Merkel: 'Breathtaking' Influx Will Change Germany

Austria preparing to bring back border checks
By Rob Quinn,  Newser Staff
Posted Sep 7, 2015 7:52 AM CDT
Merkel: 'Breathtaking' Influx Will Change Germany
Refugees who have arrived by train from Salzburg, Austria, wait on a platform at the central station in Munich, Germany yesterday.   (Sven Hoppe/dpa via AP)

German Chancellor Angela Merkel says her nation can be proud of how it welcomed thousands of refugees over a "breathtaking" weekend—but warns that Germany can't deal with the crisis alone and other European countries need to pull their weight. At a news conference today, she said the influx, expected to reach 800,000 people this year alone, is certain to "occupy and change" the country in the years ahead and Berlin will set aside an extra $6.6 billion next year to deal with it, BBC reports. In other developments:

  • The Austrian government says it is planning to bring back border checks and end the emergency measures that allowed thousands of people to travel north from Hungary, reports Reuters. "We have helped more than 12,000 people in an acute situation," Austrian Chancellor Werner Faymann says. "Now we have to move step by step away from emergency measures towards normality, in conformity with the law and dignity."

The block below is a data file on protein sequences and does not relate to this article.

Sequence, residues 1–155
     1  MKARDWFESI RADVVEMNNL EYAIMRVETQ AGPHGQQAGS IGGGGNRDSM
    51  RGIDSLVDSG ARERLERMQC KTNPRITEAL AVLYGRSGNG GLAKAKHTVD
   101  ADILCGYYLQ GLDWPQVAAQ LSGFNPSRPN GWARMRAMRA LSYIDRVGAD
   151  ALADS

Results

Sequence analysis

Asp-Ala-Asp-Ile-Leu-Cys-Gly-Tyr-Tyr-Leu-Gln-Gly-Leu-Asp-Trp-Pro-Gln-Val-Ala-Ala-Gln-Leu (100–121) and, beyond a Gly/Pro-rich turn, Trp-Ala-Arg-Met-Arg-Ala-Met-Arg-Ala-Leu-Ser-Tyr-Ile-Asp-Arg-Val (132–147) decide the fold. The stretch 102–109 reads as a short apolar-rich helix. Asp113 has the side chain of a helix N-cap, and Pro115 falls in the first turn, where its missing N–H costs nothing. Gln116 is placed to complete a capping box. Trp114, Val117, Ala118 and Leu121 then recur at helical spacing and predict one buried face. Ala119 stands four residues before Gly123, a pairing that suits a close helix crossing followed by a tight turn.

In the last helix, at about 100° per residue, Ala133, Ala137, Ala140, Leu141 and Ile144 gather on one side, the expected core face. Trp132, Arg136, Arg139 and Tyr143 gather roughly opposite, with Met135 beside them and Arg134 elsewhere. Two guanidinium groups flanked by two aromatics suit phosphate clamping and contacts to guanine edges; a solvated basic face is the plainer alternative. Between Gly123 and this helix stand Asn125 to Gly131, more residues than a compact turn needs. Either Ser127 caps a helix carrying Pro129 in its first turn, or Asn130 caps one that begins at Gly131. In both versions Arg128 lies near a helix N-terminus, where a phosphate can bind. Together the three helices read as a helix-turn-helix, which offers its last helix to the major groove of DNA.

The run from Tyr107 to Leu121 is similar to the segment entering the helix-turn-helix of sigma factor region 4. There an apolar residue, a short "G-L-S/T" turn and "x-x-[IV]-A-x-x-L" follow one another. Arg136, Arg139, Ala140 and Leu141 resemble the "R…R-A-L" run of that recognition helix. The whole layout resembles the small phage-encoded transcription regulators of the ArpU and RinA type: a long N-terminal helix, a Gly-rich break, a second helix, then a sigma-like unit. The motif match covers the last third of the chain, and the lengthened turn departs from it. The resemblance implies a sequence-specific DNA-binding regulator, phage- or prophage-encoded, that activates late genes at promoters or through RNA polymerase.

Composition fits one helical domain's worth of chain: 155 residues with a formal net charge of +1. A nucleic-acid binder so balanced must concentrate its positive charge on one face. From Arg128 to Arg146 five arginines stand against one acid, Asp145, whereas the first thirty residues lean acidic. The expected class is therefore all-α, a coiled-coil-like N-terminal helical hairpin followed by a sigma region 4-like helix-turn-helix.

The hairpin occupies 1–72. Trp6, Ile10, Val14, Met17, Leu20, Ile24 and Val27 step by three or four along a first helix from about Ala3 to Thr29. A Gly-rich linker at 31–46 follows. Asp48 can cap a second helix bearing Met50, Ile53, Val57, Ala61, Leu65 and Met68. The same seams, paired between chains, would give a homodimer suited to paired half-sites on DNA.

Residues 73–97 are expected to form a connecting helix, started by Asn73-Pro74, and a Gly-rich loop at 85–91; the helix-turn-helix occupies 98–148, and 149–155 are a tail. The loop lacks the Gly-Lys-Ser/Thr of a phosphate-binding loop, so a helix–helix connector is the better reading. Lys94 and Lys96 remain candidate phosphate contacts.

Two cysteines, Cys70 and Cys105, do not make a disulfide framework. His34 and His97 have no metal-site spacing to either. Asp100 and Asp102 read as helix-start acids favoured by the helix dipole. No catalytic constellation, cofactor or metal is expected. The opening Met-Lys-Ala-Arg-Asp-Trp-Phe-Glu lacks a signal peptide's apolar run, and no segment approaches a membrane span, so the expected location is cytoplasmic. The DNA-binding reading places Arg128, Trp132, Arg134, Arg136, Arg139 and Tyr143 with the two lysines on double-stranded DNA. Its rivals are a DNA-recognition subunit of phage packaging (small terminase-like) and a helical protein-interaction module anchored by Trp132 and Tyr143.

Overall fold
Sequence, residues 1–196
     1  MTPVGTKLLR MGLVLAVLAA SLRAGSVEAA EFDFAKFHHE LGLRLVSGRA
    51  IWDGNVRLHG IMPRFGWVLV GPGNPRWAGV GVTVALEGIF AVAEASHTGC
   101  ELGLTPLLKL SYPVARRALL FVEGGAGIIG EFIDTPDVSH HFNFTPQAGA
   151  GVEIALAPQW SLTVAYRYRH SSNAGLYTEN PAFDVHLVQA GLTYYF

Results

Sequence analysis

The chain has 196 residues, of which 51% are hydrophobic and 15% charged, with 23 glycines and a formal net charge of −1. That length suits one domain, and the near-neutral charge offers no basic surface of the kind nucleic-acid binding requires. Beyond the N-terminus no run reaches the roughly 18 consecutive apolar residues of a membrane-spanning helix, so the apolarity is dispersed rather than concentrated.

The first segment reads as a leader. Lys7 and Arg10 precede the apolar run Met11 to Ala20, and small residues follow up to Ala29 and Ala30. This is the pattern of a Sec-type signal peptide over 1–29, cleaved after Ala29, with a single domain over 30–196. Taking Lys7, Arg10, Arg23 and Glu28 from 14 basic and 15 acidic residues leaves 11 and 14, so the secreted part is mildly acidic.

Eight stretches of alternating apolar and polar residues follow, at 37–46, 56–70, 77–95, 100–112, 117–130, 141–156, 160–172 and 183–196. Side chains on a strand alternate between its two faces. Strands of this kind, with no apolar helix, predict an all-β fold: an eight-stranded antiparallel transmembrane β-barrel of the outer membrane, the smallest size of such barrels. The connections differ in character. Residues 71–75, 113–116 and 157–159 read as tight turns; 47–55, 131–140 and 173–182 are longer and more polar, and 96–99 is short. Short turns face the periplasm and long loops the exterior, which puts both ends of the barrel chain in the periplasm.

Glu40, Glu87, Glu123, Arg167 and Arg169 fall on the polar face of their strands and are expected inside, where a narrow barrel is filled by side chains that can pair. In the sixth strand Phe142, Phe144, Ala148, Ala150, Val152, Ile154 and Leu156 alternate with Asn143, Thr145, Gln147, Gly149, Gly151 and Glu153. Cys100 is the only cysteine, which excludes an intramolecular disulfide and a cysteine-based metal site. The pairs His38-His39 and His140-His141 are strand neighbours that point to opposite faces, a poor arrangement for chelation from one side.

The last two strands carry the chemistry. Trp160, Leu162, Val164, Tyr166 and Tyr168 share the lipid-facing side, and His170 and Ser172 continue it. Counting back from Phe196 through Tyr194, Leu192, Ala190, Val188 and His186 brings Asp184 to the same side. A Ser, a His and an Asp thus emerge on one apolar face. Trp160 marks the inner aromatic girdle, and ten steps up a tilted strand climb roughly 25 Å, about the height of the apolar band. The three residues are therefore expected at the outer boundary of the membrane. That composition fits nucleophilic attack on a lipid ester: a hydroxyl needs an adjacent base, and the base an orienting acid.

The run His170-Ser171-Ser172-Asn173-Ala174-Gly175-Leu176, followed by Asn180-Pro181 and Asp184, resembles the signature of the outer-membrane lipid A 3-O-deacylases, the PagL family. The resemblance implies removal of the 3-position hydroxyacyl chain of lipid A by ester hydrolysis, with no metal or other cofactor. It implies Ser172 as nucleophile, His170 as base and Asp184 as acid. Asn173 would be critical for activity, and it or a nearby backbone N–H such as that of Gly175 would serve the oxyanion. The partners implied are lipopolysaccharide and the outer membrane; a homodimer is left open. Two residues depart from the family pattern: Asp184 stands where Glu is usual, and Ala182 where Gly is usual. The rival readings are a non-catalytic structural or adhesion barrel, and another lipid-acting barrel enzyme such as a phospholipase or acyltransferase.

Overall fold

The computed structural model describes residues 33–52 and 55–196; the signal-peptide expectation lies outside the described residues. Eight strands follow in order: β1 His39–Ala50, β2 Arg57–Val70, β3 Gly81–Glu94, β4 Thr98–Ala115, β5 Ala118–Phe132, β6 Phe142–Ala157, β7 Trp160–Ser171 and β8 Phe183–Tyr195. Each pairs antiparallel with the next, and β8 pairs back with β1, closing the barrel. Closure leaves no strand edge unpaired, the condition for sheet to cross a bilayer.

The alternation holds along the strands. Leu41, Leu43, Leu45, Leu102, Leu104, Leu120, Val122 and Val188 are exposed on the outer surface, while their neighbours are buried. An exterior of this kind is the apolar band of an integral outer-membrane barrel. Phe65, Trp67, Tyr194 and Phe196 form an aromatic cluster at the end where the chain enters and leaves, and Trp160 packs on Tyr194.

• In Bavaria, local leaders say they are "at their limit" but another 10,000 refugees are expected to arrive by train today, reports the Guardian. Makeshift camps have been set up in places including a disused car showroom and the grounds of Munich's international trade fair.
  • In neighboring Baden-Württemberg, five people were injured overnight when a suspicious fire broke out at a home for refugees, reports CNN. German authorities say there have been nearly 40 violent attacks on refugees so far this year.
  • EU countries including France and the UK have agreed to accept thousands more people, but Hungarian Prime Minister Viktor Orban says he is opposed to any "quota" system for refugees. He says the thousands of people moving north through his country are looking for a "German life" instead of safety and says the influx could damage the "Christian welfare states" of northern Europe, the BBC reports. Hungary plans to seal off its southern border with a 13-foot fence by the end of next week.
(Read more Germany stories.)

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